Monday, March 22nd Isaiah 50:1

Thus says the LORD: Where is your mother’s bill of divorce with which I put her away? Or which of my creditors is it to whom I have sold you? No, because of your sins you were sold, and for your transgressions your mother was put away. Isaiah 50:1

Lent is soon drawing to a close. We walk this week toward Palm Sunday and then to our focus on the last week of Jesus’ life. We will be listening to Isaiah 50 as we continue this journey.

Although it might provoke an interesting conversation, most Americans would agree that the darkest days of our country were the years spent killing one another in the Civil War. Are country was divided into two. Between 600,000 and 700,000 people died – more than the total deaths of all the other wars in our history, from the Revolution through Vietnam. 23,000 people died in one day in the Battle of Antietam.

If you asked the same question of the world as a whole, many would argue that the genocidal Holocaust in World War II was the darkest moment. The sheer heartlessness and cold calculation that led to the deaths of 5+ million Jews, homosexuals, communists and other political dissidents, Slavs, Jehovah’s Witnesses, some Protestant pastors and Catholic priests, black people, the mentally and physically disabled, and others is staggering.

People don’t forget darkness like that. They are scars on human history. And they are also the kind of experiences that force people of faith to come to grips with the great questions of how God could let something as terrible as this happen among the people God supposedly loves.

Among God’s people in the Old Testament, there were other equally dark moments, especially the destruction of Jerusalem by the forces of the king of Babylon and the forced eviction of much of the population from Jerusalem to refugee camps in Babylon. A proud people, who considered themselves the “chosen ones” of God, were reduced to squalor for at least a generation.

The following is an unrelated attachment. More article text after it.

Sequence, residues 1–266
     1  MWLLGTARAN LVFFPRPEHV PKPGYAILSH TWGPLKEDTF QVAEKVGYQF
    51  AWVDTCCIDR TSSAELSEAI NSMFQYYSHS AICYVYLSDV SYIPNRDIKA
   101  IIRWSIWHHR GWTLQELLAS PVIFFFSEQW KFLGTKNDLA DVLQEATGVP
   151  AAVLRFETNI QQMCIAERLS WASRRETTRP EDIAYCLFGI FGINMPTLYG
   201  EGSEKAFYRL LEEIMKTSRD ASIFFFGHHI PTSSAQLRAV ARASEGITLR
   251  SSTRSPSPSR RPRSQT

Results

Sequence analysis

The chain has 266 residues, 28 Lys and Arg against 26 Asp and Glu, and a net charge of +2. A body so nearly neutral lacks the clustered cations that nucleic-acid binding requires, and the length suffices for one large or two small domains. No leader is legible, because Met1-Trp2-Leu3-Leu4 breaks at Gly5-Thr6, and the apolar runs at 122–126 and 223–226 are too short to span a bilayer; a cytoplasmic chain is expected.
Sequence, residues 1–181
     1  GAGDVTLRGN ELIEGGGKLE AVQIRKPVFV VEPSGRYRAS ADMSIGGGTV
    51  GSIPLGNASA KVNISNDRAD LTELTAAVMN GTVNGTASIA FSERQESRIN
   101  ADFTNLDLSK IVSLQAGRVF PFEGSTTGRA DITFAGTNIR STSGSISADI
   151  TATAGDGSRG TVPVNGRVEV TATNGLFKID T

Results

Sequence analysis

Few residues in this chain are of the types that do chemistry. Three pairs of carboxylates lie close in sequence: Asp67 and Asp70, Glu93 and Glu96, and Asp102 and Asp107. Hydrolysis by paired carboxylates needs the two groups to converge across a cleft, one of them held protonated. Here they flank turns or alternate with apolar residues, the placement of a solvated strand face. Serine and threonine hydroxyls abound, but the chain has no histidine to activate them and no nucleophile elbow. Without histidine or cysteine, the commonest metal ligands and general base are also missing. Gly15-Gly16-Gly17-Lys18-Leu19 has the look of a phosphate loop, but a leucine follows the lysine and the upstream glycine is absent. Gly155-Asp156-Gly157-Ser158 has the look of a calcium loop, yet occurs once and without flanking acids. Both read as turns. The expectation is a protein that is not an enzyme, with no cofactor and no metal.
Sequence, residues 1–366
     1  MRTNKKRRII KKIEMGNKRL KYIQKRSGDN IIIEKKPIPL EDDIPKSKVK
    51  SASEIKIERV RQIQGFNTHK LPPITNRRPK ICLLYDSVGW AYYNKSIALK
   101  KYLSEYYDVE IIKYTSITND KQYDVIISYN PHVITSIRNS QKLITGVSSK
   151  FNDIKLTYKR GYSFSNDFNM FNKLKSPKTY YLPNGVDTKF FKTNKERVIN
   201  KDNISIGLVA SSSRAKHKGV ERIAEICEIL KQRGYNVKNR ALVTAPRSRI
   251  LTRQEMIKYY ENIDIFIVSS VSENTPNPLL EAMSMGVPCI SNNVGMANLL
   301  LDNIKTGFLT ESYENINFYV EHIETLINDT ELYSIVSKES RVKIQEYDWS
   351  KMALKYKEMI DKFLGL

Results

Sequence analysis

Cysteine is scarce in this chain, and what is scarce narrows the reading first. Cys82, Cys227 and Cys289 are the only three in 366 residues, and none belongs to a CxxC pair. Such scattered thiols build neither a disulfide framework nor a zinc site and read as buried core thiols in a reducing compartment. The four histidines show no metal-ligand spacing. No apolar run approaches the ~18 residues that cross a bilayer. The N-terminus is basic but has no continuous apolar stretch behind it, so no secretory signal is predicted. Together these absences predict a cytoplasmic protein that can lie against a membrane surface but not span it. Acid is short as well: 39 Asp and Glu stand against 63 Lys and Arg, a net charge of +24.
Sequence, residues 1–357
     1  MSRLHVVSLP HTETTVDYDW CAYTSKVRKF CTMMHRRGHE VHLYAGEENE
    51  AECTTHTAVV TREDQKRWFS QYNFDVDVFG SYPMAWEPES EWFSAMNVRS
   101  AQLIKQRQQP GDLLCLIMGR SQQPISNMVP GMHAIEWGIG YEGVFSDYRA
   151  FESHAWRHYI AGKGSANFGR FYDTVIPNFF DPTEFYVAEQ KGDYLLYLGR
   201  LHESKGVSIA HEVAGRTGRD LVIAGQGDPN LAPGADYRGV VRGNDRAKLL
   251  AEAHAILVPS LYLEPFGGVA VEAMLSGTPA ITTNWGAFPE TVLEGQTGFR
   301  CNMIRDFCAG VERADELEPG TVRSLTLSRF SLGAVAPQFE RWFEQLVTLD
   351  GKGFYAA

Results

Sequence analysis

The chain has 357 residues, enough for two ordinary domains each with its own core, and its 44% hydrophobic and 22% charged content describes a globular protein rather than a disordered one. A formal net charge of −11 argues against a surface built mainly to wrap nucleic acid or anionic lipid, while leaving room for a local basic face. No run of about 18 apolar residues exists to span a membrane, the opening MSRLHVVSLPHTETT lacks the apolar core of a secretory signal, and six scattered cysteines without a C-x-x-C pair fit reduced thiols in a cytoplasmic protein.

In this portion of Isaiah, the writer is wrestling with the questions such darkness brings to the surface. Against the human temptation to blame someone or something else – Nebuchadnezzar’s greed, the South’s addiction to slavery, Hitler’s insanity – the opening verse of this 50th chapter does what we normally consider unthinkable…it blames the victim.

This is shocking. Blaming the victim seems heartless. How are we to hear this?

The key is remembering the difference between a survivor and a victim. A victim remains powerless; a survivor is empowered. A victim is trapped in the pain of their victimization; a survivor picks up the pieces, learns something, and moves on with life.

Lent is many things, among them a time for self reflection, a time for asking deep questions about the reality of our lives. It is not the time to play the victim, but to do something more akin to what the recovery movement does in working a 4th step. It is a time to take inventory, to ask ourselves “What is our part in the dark moments of our lives?”

This is hard. Life is hard. But such self reflection makes life easier.

Let us pray: Gracious Lord, it is so easy for us, seems so natural for us, to blame the actions of others for the pain in our own lives. And equally easy to take credit for everything good. As we move closer to our observance of Holy Week, help us to do the hard work of self reflection, that our confession run deep, and the healing power of your love run deeper still. In Jesus’ name. Amen.

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